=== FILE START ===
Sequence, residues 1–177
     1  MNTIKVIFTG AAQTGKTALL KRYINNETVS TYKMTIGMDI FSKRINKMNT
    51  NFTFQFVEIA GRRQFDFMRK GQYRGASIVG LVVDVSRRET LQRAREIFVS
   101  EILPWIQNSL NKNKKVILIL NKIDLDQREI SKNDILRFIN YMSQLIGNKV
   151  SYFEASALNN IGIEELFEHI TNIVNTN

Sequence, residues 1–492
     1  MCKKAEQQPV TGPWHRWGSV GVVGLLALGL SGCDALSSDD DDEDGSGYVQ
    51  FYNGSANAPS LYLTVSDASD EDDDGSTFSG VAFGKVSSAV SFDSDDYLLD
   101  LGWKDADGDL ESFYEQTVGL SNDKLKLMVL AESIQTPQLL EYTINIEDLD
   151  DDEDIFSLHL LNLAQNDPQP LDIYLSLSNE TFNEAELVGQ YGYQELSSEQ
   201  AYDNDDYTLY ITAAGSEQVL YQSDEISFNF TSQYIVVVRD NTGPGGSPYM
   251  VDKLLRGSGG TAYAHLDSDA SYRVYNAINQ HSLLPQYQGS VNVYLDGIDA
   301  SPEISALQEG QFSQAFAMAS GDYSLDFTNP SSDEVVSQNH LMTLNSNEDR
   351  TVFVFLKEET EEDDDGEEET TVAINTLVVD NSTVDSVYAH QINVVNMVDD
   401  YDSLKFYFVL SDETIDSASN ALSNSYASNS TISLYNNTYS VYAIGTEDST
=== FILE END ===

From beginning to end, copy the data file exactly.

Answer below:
Sequence, residues 1–177
     1  MNTIKVIFTG AAQTGKTALL KRYINNETVS TYKMTIGMDI FSKRINKMNT
    51  NFTFQFVEIA GRRQFDFMRK GQYRGASIVG LVVDVSRRET LQRAREIFVS
   101  EILPWIQNSL NKNKKVILIL NKIDLDQREI SKNDILRFIN YMSQLIGNKV
   151  SYFEASALNN IGIEELFEHI TNIVNTN

Sequence, residues 1–492
     1  MCKKAEQQPV TGPWHRWGSV GVVGLLALGL SGCDALSSDD DDEDGSGYVQ
    51  FYNGSANAPS LYLTVSDASD EDDDGSTFSG VAFGKVSSAV SFDSDDYLLD
   101  LGWKDADGDL ESFYEQTVGL SNDKLKLMVL AESIQTPQLL EYTINIEDLD
   151  DDEDIFSLHL LNLAQNDPQP LDIYLSLSNE TFNEAELVGQ YGYQELSSEQ
   201  AYDNDDYTLY ITAAGSEQVL YQSDEISFNF TSQYIVVVRD NTGPGGSPYM
   251  VDKLLRGSGG TAYAHLDSDA SYRVYNAINQ HSLLPQYQGS VNVYLDGIDA
   301  SPEISALQEG QFSQAFAMAS GDYSLDFTNP SSDEVVSQNH LMTLNSNEDR
   351  TVFVFLKEET EEDDDGEEET TVAINTLVVD NSTVDSVYAH QINVVNMVDD
   401  YDSLKFYFVL SDETIDSASN ALSNSYASNS TISLYNNTYS VYAIGTEDST